Thursday, December 2, 2010

This One's For the Ladies: Gender Bias In the Media

by Kate Whittle
The goal of journalism is to provide diverse and inclusive reporting. But analysts say modern media is failing to serve the majority of the human population: women. Women are underrepresented in many areas of the journalism profession, and women’s issues are often ignored or portrayed in problematic ways.

The 2010 Media Report to Women, compiled by Sheila Gibbons, lays out statistics showing that nearly across the board, women are underrepresented in journalism jobs. The problem is pervasive in traditional print media: About 36 percent of full-time daily newspaper staff are women. About 16 percent of those women are minorities.

Sports reporting maintains the most noticeable gender divide. The 2008 “Race and Gender Report Card of the Associated Press Sports Editors" found “sports journalist jobs are overwhelmingly white and male." Women are 9 percent of sports reporters and 6 percent of editors.
The divide is not so wide in television broadcast reporting. In “Beyond ‘Anchorman’,” two journalism students collected data on broadcast reporting from a sample week in 2007, then compared the results to a similar study from 1987. The study found that in 2007, men reported 48 percent of stories, women reported 40 percent, and the rest were team effort. This is a substantial improvement over 1987, when men reported 73 percent of stories. The study also found an increase in the number of women and minorities appearing in front of the camera.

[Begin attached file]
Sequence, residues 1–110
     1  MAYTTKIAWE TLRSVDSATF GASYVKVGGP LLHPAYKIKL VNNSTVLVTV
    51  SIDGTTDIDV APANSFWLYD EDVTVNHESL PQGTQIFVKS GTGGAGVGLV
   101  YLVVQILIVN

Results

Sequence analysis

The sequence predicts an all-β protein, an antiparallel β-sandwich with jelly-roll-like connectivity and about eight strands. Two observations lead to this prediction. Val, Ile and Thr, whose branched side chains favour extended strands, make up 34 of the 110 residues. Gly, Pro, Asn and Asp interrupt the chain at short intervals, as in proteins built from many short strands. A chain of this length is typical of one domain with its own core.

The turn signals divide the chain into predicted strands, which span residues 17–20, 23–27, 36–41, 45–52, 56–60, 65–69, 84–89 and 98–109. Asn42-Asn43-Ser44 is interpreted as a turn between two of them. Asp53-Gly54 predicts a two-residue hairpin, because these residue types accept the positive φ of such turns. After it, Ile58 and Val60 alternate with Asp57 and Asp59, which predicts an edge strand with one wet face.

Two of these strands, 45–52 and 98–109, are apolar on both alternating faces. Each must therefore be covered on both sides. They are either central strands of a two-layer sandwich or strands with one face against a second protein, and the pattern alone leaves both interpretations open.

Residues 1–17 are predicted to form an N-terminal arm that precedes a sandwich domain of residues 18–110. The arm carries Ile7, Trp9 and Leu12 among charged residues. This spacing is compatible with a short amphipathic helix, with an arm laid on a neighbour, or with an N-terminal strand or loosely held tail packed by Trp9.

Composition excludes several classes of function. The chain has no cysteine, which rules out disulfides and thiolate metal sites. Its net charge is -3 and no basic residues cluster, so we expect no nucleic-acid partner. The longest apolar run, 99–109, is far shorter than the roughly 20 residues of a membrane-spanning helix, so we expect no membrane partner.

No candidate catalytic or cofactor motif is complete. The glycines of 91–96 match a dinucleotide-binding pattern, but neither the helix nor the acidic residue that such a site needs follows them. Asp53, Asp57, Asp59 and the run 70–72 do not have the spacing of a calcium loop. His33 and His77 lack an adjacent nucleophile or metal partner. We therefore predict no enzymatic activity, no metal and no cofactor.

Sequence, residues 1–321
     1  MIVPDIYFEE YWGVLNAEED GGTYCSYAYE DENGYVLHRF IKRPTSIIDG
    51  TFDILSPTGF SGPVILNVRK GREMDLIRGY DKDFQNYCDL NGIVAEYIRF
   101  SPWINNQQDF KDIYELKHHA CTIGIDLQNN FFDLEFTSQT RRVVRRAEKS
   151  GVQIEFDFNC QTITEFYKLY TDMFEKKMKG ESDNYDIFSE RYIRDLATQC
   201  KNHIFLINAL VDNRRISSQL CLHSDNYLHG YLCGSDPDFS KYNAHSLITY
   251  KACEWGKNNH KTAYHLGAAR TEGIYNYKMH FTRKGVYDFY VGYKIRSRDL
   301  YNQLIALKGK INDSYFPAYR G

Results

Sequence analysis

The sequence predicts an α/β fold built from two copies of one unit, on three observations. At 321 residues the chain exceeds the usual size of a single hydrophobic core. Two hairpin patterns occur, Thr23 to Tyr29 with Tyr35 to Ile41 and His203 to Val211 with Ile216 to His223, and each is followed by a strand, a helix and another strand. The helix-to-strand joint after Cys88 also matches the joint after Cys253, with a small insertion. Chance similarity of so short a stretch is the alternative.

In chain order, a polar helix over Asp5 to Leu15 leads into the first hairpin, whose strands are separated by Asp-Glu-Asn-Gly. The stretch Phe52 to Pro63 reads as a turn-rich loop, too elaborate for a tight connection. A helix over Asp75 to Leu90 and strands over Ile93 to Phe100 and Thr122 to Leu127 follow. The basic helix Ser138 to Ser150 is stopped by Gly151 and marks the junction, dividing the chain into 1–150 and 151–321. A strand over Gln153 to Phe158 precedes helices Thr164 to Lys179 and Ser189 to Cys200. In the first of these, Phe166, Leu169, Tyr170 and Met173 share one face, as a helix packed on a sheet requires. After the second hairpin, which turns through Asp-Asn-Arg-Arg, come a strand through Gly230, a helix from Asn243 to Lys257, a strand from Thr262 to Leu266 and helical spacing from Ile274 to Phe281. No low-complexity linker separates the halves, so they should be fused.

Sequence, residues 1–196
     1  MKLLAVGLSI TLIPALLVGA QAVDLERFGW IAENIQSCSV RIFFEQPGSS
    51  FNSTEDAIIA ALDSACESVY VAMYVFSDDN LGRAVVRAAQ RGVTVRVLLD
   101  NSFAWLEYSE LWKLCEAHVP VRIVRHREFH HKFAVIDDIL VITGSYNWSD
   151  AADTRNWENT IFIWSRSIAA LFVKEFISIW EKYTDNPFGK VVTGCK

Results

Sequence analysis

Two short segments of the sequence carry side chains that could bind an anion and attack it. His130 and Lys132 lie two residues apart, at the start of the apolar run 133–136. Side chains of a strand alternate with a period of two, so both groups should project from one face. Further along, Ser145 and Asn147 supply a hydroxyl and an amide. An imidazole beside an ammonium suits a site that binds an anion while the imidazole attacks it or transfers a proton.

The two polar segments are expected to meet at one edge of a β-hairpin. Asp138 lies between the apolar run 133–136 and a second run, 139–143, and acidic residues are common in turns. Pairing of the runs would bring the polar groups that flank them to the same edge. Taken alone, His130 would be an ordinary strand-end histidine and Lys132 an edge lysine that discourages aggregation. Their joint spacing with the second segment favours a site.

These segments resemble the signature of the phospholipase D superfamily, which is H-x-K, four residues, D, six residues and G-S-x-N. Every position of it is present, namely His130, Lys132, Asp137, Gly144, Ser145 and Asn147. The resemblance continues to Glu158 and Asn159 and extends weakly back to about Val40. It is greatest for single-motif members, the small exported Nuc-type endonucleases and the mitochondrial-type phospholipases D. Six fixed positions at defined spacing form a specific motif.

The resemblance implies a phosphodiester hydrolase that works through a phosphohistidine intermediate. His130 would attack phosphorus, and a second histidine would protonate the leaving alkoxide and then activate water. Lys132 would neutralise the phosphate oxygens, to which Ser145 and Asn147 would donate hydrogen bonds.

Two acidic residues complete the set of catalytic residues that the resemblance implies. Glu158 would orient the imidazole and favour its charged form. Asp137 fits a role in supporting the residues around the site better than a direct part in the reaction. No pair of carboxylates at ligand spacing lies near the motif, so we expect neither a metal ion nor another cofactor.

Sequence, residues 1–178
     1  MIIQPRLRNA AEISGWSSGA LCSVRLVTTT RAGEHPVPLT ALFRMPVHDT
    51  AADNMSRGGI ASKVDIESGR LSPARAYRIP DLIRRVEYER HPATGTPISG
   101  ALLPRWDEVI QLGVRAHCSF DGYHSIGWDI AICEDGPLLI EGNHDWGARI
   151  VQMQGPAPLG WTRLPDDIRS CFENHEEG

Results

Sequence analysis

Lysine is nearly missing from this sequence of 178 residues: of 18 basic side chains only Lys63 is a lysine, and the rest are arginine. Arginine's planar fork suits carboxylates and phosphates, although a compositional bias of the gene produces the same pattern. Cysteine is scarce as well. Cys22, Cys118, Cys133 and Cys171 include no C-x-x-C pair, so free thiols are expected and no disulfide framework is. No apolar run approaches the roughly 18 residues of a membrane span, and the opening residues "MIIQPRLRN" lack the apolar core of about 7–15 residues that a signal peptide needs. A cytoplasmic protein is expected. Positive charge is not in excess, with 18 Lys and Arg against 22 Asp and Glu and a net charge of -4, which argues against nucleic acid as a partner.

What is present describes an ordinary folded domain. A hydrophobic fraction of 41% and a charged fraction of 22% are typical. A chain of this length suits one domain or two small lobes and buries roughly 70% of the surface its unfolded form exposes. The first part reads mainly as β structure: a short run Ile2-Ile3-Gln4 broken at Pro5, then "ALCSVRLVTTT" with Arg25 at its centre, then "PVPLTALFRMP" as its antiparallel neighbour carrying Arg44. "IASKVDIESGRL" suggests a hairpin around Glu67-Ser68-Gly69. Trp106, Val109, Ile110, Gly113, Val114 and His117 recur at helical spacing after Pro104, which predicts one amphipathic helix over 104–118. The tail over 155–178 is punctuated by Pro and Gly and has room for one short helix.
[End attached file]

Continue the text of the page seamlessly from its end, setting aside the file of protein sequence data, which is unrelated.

Besides the apparent lack of women as newswriters, other case studies show how women’s voices are missing on the news itself nearly worldwide. Nov. 9, 2009 was Global Media Monitoring Day. Only 16 percent of stories broadcast or printed that day focused on women’s issues. The project found near equality in the quoting of popular opinion, but when expert opinions are used, 80 percent are men.

Some journalists have addressed the portrayal of women’s issues in mainstream media by simply exiting the mainstream media. Women’s eNews was founded in 2000 by Rita Henley Jensen to report on issues not being covered elsewhere.
Jensen wrote about the lack of women’s voices in the news for a 2005 commentary for Romanesko:
“Newsworthy should be as gender-neutral a term as the word reporter. Sadly, although women have flooded the field of journalism, the folks who decide who and what should be covered are still working out of a testosterone-soaked playbook."

1 comment:

  1. I see the problem, Kate, but seriously... the old guard media are on the way out. Would we really find the same gender divide if we looked at those types of publishers who really will wield power tomorrow?

    I bet if you could somehow gather statistics on every influential blog, every 'newsworthy' twitter account, even every cutting-edge printed publication, we wouldn't find that bias.

    Let's just move on. Newspapers can sink. ESPN can keep its niche market. I think the problem as you've presented it will correct itself.